Becoming a Doctor in Syria: Learning and Identity in English for Specific Purposes at a Syrian University
Thesis or dissertation
University of Exeter
Reason for embargo
To allow future publication of the research
This thesis explores the teaching and learning of English for Medical Purposes (EMP) in a Syrian Arab university (Tishreen University). It investigates the inherent contradictions in the position of EMP in an Arab-medium university by drawing on the socio-political and economic factors shaping English language education policy in Syria. It also critiques “mainstream” ESP through examining the “purpose” in English for Medical Purposes. Rather than viewing learning as an end product, this study suggests that learning English is part of a dynamic process of learning to become a doctor in Syria and as part of constructing the 21st Century Syrian “doctor” identity. I draw on aspects of poststructuralism and complexity theory to take the analysis of English for Specific Purposes beyond issues of needs analysis, content, and materials development. ESP, from its outset, has been proposed for decades as a commodity that meets students’ linguistic and communicative needs. However important these concerns are for the development of the discipline, as I argue in this thesis, ESP seems to adopt a “mechanistic” approach by predetermining “needs” and “purposes” which fails to account for the complexity of human beings’ behaviours and responses in educational contexts. The deterministic conceptualisation of ESP places rigid boundaries between ESP and the reality of the medicine profession, therefore, fails to meet students’ needs which transcend boundaries of classroom in aspiration for recognition by the medical community worldwide. English for Medical Purposes, in this study, goes beyond “specific purposes” to account for the role of English as a foreign language in constructing doctor identity and in the process of becoming a doctor. Data in this qualitative research were collected through focus groups with students of medicine in Tishreen University, semi-structured interviews with medical tutors and management officials in the Faculty of Medicine and the Higher Institute of Languages, as well as ESP teachers. Policy documents were analysed, and field notes were taken in classroom and hospital observations. Based on the analysis of these sources, a deeper understanding of EMP at Tishreen University is reached through the lens of poststructuralism and complexity theory. Finally, this thesis ends by drawing an ESP/Applied Linguistics relationship among the implications the findings have for policy makers, teachers and medical students, alongside recommendations for future ESP research directions.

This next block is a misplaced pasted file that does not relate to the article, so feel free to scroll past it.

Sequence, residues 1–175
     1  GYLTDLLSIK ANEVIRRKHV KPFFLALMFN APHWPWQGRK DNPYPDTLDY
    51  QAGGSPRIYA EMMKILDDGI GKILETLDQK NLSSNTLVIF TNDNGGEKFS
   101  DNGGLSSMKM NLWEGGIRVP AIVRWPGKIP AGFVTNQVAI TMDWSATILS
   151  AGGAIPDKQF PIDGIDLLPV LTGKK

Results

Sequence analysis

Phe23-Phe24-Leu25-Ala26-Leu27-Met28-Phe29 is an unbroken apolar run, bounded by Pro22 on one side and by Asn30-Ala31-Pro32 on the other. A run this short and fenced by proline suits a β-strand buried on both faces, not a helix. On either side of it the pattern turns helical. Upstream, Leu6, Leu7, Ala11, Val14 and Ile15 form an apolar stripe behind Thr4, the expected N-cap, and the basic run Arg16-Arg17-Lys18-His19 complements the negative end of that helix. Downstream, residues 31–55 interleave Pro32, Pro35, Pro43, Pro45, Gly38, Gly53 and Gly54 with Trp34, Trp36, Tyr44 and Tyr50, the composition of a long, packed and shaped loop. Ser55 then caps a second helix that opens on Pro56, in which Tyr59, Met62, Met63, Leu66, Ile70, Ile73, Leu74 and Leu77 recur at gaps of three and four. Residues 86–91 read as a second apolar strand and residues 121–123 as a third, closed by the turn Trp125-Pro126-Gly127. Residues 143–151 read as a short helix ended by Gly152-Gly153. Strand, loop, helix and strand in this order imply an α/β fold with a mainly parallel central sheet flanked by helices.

PhD in Education